The Arkansas State Supreme Court upheld a local lower-court ruling Thursday that rejected a convicted rapist's claim he had “ineffective counsel.”
Robert Sandrelli’s conviction on four counts of rape was affirmed in 2015 after two trials in 2013, one of which was declared a mistrial. The second trial resulted in Sandrelli being convicted. The rape victim was a teen, male family member.
Sandrelli filed a petition for post-conviction relief under Arkansas Rule of Criminal Procedure 37.1 claiming “ineffective counsel” because of his attorney being “under emotional and professional stress,” failure to call any character witnesses and “unilaterally” deciding that Sandrelli would not testify.
The Sebastian County Circuit Court had denied Sandrelli’s petition without holding a hearing. Sandrelli appealed to the circuit court, arguing he was entitled to a hearing on his claim.
“We affirmed in part and reversed and remanded in part,” the Arkansas Supreme Court ruling issued Thursday states. “We held that Sandrelli’s first claim was conclusory; therefore, he was not entitled to a hearing on it. But we remanded for a hearing on the last two claims.”
The state supreme court ruling goes on to explain the reason for remanding the case as a “control case” was due to it being deemed a hung jury in the first trial and then ending with a conviction in the second trial.
“The circuit court, based on the record alone, found that counsel and Sandrelli ‘must have agreed no witnesses would be called.’ This was speculative,” the state Supreme Court ruling states. “We held that the circuit court could not conclusively determine, without some evidence, that counsel’s decisions were supported by reasonable professional judgement. The circuit court should not guess the reasons behind the trial counsel’s decisions; rather the court should establish those reasons based on evidence presented at a hearing.”
Sandrelli testified at the remand hearing and said he intended to testify in the second trial but his attorney, Ray Spruell, never asked him to make a decision whether to testify. Spruell, however, said he was concerned about some inconsistencies with Sandrelli’s previous testimony in which he admitted to a domestic-battery charge against his son despite a video-recorded interview where he “adamantly” denied to the police that he had ever thrown his son across the room. Spruell told the court he told his client had the decision to testify, but he had recommended that Sandrelli not testify.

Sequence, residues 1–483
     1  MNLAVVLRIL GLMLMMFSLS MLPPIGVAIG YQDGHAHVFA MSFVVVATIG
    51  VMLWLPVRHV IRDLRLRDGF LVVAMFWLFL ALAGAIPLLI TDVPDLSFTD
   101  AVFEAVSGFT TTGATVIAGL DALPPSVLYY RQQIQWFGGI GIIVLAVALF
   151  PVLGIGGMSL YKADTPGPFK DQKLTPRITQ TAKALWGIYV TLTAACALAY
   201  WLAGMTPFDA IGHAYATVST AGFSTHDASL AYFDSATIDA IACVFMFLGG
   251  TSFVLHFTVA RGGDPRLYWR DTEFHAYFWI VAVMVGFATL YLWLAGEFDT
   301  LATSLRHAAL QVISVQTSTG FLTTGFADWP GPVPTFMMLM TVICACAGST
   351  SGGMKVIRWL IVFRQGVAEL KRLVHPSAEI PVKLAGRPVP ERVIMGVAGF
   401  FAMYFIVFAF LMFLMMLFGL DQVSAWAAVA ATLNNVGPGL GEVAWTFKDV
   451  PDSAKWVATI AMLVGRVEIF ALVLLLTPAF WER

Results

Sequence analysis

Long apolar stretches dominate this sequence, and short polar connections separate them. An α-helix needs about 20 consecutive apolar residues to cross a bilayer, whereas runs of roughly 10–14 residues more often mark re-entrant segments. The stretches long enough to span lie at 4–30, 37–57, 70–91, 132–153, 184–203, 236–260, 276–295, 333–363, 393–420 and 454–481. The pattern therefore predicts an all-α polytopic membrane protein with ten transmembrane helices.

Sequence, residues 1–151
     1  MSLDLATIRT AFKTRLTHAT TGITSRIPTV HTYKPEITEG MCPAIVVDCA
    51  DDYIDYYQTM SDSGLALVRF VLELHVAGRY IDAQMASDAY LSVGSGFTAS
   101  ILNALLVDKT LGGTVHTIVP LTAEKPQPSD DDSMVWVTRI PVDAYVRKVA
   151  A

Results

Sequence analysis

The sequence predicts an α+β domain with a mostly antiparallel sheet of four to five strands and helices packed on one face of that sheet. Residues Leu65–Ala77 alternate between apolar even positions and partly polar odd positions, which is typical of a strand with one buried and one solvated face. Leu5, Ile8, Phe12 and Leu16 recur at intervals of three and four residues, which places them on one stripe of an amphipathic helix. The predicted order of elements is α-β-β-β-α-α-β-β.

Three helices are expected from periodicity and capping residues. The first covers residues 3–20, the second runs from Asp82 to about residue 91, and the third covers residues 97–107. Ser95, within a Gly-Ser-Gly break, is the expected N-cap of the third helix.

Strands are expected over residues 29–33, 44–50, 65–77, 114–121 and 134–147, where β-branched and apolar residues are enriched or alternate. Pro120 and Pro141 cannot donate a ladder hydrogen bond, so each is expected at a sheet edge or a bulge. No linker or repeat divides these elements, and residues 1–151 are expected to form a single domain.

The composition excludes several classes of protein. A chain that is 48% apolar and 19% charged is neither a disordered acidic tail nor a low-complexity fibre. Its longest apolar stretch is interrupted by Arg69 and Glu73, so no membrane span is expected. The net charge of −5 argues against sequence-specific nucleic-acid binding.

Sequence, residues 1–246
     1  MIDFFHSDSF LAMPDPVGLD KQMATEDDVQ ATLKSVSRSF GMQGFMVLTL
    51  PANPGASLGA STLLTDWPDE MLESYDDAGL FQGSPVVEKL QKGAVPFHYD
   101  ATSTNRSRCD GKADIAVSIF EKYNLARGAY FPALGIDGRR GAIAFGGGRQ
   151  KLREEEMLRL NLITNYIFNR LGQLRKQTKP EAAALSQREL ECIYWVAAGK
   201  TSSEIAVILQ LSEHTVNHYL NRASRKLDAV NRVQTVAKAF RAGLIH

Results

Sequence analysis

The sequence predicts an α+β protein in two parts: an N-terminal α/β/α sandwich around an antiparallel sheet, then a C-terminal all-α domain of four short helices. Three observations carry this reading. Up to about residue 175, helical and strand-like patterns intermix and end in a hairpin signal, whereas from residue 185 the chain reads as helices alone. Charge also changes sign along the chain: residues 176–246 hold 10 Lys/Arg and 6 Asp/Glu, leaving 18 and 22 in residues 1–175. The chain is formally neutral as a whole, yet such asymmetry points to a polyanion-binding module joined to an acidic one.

“I knew that Mr. Sandrelli didn’t like to testify in the first (trial). So, I explained to him that it was going to be rough on him the second time around and I didn’t think he would look good up there,” Spruell told the court when saying Sandrelli agreed that he should not testify.
The state supreme court decided to not reverse the denial of post-conviction relief based on the circuit court’s order that found that counsel’s decision to call no witnesses in the second trial “was a sound professional judgement by an experienced advocate and that it was reasonable.”
The state supreme court went on to reference Lemaster v. State, 2015 Ark. 167, 459, stating “a finding is clearly erroneous when, although there is evidence to support it, the appellate court, after reviewing the entire evidence, is left with the definite and firm conviction that a mistake has been committed.”
Under the two-prong standard from Strickland v. Washington, the court adds, a petitioner seeking post-conviction relief must show that his counsel’s performance was deficient and that the deficient performance resulted in prejudice. With Feuget v. State, 2015 Ark. and several other cases in mind, the state supreme court, noted that “counsel’s performance was not deficient.”
The state supreme court also ruling affirmed the circuit court’s decision to credit Spruell’s testimony and conclude that the decision to call no character witnesses in the second trial was “based on reasonable professional judgement.”
And the state supreme court also affirmed the circuit court’s decision, to, as Sandrelli puts it in his petition, “not address the fact brought forth on the failure to Spruell to get on the record the decision of appellant to not testify.”
“We have held in an earlier case that the failure to make a record on the waiver of the right to testify does not constitute ineffective assistance of counsel,” the high court states. “In any event, the court credited Spruell’s testimony that Sandrelli agreed not to testify and found Sandrelli’s contrary testimony unbelievable.”